At 13, Leilani Graham was running on the treadmill in her garage when she suddenly collapsed. Her mother, who was supposed to be gone, heard a bizarre moaning sound coming from the garage and rushed to find her daughter unconscious. She immediately called 911.
At the emergency room, an electrocardiogram showed an abnormality in her heart. Further tests showed Graham had an enlarged left ventricle.
"I was told I should have died," Graham said.
Doctors implanted a defibrillator in her chest that would shock her heart back into a normal rhythm should she again go into cardiac arrest. It saved her life three times.
The first time was several months later. Her PE class was running the mile relay. She'd been told she could no longer do competitive sports or go on long runs. Still, she thought it would be OK to run a single lap.
"I got about three-quarters of the way around the track, felt my legs getting heavy, my vision was narrowing, and I totally passed out," Graham said.
Three years later, she climbed a dirt hill with friends and felt the same frightening sensations. Realizing what was happening, she told a friend to call 911 before passing out.
The last time was while attending New York University for musical theater. Graham collapsed after walking up a flight or two of stairs following a voice lesson. Somewhat overwhelmed, the 19-year-old finished the semester and then transferred to the University of Southern California, closer to her childhood home in Palo Alto, California.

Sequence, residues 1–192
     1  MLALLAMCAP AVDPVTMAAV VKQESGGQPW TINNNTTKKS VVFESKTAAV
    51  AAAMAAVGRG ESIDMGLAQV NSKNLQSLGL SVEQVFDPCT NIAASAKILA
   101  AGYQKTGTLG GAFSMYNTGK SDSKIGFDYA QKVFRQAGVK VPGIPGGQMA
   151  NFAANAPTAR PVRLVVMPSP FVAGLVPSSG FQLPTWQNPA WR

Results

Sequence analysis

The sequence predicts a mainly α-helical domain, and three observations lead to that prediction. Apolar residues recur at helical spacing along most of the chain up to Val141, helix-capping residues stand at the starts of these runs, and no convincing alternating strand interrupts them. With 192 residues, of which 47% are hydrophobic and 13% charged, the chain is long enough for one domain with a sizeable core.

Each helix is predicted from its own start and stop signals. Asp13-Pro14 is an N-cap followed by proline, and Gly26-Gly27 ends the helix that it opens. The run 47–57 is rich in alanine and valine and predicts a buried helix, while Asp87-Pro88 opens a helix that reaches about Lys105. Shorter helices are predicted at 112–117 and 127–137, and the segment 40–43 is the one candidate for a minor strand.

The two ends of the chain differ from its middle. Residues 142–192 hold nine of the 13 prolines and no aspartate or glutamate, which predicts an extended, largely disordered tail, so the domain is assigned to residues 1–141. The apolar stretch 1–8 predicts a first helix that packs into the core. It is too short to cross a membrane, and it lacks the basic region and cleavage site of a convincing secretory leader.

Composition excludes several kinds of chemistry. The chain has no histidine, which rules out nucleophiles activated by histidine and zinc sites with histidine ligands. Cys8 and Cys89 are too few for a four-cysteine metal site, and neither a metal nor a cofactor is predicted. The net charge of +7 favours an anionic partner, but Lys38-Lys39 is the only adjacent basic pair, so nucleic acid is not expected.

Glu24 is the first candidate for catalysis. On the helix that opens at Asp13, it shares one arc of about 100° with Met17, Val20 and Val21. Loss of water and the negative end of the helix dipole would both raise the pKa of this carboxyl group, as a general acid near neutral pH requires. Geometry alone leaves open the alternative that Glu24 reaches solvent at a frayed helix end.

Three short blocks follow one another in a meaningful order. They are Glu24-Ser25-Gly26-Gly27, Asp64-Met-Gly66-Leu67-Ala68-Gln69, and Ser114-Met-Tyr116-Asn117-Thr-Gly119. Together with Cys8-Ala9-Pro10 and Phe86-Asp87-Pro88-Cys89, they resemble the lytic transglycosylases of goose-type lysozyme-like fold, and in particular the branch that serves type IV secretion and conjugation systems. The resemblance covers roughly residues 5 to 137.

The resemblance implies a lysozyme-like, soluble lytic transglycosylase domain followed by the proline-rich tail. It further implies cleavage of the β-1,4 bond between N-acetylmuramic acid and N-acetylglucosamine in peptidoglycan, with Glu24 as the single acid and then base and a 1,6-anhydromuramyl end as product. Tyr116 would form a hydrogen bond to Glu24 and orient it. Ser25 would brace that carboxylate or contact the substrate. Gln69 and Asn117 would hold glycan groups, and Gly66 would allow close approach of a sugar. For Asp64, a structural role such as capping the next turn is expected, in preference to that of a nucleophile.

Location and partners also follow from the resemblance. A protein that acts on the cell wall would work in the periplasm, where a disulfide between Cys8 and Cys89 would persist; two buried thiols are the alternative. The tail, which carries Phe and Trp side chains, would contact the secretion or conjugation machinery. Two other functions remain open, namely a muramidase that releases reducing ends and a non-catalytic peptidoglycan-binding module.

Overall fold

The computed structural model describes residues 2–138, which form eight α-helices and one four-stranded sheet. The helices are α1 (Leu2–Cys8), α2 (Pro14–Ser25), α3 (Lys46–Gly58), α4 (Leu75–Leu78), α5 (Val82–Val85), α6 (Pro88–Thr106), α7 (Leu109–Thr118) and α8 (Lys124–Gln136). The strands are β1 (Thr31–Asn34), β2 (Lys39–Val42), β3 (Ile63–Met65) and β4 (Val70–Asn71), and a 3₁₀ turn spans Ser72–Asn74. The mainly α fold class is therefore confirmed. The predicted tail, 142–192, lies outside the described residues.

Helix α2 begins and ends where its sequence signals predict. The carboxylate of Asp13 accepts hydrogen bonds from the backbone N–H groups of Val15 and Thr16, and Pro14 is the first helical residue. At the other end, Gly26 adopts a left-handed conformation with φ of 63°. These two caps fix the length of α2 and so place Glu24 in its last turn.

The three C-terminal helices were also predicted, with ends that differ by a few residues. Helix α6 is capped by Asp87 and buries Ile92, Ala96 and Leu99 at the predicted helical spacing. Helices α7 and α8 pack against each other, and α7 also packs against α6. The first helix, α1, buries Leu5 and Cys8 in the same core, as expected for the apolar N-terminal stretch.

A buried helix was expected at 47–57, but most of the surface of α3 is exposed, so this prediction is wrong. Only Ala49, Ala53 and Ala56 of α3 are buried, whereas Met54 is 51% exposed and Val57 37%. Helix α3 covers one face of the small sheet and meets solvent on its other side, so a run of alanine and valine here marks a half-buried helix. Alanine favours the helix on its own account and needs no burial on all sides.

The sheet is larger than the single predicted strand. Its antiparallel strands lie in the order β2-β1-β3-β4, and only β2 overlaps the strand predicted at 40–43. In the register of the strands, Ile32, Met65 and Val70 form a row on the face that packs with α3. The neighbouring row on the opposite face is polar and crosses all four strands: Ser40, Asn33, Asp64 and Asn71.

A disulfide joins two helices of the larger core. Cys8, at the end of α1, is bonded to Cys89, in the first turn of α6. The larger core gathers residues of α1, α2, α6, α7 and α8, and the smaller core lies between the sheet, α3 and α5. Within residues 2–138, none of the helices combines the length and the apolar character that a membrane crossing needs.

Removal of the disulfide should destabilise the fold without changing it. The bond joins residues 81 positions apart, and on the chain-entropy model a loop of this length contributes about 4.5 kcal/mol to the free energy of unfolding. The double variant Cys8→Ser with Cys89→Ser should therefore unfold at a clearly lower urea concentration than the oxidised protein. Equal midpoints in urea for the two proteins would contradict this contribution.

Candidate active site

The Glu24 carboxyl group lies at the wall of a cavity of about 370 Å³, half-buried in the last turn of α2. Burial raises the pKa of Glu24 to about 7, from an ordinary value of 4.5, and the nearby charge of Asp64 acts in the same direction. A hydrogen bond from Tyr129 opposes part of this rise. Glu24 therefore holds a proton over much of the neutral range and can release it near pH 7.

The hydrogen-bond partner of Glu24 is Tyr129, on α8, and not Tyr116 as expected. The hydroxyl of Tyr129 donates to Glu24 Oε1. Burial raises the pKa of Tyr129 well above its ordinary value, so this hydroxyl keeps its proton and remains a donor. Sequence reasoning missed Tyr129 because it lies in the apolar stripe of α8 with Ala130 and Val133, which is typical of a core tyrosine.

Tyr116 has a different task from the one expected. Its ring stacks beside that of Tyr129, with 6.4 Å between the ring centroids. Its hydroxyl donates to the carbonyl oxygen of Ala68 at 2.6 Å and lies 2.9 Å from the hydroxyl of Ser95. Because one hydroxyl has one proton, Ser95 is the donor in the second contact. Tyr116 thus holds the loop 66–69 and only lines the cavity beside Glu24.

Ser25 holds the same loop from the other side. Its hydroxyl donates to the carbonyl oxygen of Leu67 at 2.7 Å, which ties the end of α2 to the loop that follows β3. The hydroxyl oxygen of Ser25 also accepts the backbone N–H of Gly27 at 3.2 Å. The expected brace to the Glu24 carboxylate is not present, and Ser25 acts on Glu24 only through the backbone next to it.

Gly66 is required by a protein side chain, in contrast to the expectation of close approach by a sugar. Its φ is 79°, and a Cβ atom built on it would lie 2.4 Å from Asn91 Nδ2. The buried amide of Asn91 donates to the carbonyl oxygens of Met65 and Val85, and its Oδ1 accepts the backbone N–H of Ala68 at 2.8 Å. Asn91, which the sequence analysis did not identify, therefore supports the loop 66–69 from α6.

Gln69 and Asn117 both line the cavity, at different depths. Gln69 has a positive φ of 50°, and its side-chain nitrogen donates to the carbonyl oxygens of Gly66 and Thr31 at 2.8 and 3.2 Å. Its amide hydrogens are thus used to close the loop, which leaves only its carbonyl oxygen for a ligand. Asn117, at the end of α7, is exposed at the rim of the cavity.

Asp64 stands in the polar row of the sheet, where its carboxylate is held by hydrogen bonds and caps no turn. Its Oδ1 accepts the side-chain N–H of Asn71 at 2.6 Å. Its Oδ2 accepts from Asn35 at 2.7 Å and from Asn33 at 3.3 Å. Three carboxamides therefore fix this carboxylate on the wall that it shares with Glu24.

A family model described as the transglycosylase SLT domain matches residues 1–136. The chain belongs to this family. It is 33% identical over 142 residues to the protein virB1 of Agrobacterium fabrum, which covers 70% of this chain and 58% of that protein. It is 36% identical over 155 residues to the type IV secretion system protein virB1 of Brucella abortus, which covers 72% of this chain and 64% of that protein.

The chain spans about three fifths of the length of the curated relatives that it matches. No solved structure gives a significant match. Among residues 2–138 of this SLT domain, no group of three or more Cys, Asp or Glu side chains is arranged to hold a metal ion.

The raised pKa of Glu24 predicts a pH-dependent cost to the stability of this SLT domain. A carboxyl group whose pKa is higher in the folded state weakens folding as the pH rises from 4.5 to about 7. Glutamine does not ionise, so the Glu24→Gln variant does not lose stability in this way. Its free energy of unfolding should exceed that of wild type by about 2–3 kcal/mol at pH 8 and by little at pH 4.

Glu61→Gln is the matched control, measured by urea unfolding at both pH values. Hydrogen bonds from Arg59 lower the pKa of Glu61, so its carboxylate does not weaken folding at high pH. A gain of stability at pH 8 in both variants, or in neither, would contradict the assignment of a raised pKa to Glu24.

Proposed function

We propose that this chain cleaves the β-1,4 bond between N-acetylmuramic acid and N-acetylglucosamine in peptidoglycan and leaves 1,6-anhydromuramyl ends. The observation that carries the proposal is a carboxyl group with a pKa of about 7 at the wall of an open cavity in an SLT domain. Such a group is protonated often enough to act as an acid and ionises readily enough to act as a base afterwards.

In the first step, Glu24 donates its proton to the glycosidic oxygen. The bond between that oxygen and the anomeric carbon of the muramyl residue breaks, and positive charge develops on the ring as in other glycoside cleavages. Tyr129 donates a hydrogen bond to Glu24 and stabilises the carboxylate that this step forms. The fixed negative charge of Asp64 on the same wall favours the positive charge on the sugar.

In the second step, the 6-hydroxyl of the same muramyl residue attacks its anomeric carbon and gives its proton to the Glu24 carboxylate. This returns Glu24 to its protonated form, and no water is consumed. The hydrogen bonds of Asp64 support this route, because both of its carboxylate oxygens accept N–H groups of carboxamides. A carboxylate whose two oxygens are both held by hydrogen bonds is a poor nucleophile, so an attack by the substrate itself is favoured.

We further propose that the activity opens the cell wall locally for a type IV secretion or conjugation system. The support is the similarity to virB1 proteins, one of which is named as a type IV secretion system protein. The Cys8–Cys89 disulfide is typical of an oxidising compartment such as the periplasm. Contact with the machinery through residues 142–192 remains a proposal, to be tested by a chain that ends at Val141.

Genetic testing showed Graham had hypertrophic cardiomyopathy. HCM is cited as the most common reason for sudden cardiac death in young people and athletes under the age of 35, according to the American Heart Association.
It's often caused by abnormal genes that affect the heart muscle. These genes cause the walls of the heart chamber to contract harder and become thicker than normal. The thickened walls become stiff. This reduces the amount of blood taken in and pumped out to the body with each heartbeat. Symptoms can include chest pain, shortness of breath, fatigue, dizziness, fainting, lightheadedness and swelling.
What made Graham's case so unique is that her DNA had not one but two disease-causing variants, one from her mother and one from her father, said her cardiologist, Dr. Euan Ashley, a professor of medicine and genetics at Stanford University in California.
While neither parent had yet to exhibit signs of HCM, Graham's dad had palpitations years later, and doctors implanted a defibrillator in his chest.
Graham's sister received neither variant from either parent.
"This is similar to the genetic roulette that is at play in every single family," said Ashley, who oversaw the family's testing and featured Graham's journey in his book, "The Genome Odyssey," which explores how genome sequencing is being used to help prevent, predict and beat disease. An individual's genome is their unique code containing information about everything from likely height, weight, hair color and eye color to predisposition to thousands of diseases.